I wish to put one or two questions in a spirit of good will and purely of inquiry. No doubt every aspect of the situation has been carefully considered and rehearsed in the course of the discussions. I should like, however, to ask what is the object of putting an end to the Constitutional Council which finds its place in the January, 1964, Constitution? I was a little surprised, although no doubt there is a very good reason which commended itself to those taking part in the discussions at the provision for a tribunal which supplants the Constitutional Council. The new agreement provides that if seven members bring to the notice of the Speaker a particular Measure passed by the Assembly the Speaker will inform the Chief Justice, who will appoint the tribunal of two judges to consider the question whether or not the particular Measure in question is inconsistent with that very important section of the existing constitution which deals with human rights.

The agreement set out in the White Paper goes on to provide in paragraph 3(c): if the tribunal reported that the bill appeared to be inconsistent with the code of human rights, the President would be able … —to do one of three things. The first of those three things is to assent to the Bill. I am sure there is a very good reason for that. No doubt the reasons were fully explored in the conversations which took place. Prima facie, however, and I emphasise that I put the question purely in order to obtain information, this possibly gives rise to the apprehension that the solidly entrenched position of the provisions for human rights in the existing constitution is however slightly nevertheless to some extent impaired.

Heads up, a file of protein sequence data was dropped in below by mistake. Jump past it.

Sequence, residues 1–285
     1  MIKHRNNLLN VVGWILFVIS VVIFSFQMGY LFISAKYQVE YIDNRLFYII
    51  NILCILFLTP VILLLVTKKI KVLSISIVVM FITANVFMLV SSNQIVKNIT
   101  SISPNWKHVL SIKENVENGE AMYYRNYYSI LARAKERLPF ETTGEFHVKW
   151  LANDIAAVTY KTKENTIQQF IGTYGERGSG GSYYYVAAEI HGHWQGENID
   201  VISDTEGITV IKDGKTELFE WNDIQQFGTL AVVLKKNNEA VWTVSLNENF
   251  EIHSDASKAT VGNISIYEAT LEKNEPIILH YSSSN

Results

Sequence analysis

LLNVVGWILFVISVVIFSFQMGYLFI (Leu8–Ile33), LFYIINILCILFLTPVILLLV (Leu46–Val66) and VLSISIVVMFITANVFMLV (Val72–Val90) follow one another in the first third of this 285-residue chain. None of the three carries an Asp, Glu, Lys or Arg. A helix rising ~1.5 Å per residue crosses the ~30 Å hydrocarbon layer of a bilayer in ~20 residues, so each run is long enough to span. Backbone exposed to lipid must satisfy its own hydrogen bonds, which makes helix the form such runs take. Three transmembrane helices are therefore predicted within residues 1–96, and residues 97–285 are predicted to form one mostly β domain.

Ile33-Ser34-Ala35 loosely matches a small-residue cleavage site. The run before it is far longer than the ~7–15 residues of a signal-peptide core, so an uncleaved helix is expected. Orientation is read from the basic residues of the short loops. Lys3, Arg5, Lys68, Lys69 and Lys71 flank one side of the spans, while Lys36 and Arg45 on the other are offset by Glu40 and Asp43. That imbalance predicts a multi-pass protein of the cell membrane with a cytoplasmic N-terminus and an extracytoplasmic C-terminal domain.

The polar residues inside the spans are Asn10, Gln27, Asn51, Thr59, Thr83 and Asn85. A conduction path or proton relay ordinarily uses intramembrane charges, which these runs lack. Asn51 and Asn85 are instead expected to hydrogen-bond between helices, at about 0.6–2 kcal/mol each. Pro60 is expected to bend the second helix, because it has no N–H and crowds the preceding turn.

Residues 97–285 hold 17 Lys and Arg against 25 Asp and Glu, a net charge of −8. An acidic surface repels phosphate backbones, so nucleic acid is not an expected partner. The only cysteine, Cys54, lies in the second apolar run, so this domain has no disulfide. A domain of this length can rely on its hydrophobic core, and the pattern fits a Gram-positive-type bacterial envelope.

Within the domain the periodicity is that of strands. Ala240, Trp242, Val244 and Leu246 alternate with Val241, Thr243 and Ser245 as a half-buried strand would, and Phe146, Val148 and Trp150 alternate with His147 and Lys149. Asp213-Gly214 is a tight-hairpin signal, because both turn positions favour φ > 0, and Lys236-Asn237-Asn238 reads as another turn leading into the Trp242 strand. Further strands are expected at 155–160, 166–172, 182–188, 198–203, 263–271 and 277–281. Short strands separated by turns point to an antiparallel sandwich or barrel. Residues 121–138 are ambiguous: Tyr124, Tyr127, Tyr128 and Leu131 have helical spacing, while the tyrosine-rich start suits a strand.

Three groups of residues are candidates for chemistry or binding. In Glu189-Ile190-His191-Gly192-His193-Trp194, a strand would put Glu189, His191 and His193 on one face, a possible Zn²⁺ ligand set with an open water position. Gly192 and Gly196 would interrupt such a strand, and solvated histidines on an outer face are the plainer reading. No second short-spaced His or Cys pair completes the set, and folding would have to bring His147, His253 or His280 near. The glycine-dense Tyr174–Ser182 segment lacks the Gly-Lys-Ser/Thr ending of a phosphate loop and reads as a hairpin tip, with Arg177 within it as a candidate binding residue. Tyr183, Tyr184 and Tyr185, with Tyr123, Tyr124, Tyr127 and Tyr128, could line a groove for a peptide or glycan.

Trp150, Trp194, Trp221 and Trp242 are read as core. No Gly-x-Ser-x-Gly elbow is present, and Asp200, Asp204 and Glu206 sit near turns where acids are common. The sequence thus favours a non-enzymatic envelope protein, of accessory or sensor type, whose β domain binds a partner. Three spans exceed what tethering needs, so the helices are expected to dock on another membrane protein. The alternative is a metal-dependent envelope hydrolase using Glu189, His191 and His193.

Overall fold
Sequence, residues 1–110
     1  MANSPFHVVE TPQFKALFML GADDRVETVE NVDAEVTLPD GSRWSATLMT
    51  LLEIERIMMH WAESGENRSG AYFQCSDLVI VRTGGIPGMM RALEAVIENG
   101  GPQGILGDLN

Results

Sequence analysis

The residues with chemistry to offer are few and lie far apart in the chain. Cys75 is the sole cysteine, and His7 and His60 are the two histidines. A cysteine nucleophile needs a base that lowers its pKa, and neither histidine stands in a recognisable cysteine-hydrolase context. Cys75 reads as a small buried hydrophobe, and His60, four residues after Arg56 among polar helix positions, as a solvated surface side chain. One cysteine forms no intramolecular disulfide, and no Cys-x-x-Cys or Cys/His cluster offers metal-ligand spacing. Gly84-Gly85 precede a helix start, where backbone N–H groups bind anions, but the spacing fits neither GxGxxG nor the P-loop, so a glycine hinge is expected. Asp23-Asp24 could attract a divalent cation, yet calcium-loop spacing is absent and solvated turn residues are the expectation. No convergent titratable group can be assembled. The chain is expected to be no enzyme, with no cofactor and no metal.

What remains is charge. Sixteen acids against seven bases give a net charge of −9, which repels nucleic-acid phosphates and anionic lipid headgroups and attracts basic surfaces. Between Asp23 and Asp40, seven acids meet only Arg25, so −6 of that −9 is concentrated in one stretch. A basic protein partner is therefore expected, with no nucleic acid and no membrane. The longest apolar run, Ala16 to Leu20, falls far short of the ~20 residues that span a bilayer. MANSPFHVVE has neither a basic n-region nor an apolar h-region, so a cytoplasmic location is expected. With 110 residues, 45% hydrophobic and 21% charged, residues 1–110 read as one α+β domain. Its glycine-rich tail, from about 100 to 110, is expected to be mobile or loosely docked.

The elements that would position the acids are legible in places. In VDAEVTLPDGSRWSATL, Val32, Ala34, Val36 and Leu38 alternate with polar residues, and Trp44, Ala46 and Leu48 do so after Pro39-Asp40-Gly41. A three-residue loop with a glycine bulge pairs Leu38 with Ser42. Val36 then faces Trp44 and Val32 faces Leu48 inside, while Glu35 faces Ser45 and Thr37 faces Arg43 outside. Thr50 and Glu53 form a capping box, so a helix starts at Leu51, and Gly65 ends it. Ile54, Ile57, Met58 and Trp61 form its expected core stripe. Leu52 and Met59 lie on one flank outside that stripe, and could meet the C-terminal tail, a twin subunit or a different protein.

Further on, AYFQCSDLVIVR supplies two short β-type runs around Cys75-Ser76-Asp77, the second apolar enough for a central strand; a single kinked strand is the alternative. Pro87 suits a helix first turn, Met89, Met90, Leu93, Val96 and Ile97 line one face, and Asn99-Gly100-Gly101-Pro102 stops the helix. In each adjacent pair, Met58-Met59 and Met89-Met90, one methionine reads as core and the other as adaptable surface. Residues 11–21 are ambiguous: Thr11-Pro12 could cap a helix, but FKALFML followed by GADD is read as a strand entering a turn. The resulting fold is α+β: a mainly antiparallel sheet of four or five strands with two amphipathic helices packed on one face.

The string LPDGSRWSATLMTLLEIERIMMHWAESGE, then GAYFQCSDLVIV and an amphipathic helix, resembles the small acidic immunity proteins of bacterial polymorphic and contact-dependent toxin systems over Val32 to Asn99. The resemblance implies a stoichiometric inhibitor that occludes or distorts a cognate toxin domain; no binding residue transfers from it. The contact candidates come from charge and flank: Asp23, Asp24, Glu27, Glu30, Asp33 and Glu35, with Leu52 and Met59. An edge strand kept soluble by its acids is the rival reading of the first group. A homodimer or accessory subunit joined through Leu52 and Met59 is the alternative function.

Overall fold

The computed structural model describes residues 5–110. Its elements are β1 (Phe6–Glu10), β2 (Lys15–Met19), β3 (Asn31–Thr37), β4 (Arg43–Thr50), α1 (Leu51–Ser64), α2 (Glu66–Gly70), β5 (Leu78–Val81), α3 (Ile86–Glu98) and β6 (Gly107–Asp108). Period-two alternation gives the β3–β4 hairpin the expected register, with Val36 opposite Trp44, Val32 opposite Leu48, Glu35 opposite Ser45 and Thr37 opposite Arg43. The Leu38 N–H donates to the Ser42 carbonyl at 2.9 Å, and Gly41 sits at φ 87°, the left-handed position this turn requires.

I was glad that some hon. Members referred in the debate to the position of the President, who I suppose will be Dr. Kaunda, as not following the model of the Prime Minister which we know in this country. If one looks at the various provisions of the agreement which set out the position clearly one sees that he is much nearer to the American type of President than to the British Prime Minister. He changes with the dissolution of a Parliament, he has a responsibility for policy, he is Commander-in-Chief of the Armed Forces and he clearly is not merely the titular President which characterises some constitutions. That, I think, a very useful provision in the formulation of the Constitution and I was very glad to see it. I was glad that hon. Members on both sides of the House called attention to its insertion in the proposed Constitution.

I should like to know why paragraph 58 of the Agreement provides that the Consolidated Fund provisions of the existing Constitution are to be superseded. The present provisions in sections 92 to 99 of the Constitution are not dissimilar to those to which we are accustomed in this country. As in this country, section 97 of the existing Constitution provides that the salaries of judges are to be charged on the Consolidated Fund. We are used to that as a constitutional device, and we regard it as one way in which the complete and absolute independence of the judiciary is buttressed. The salaries of our judges are not carried on the Vote of any Department, but are a charge on the Consolidated Fund. I wonder why—and I put this simply in a spirit of inquiry—it was thought desirable in the new financial arrangements that are to be embodied in the Constitution that is to come into force, that an end should be put to the existing Consolidated Fund.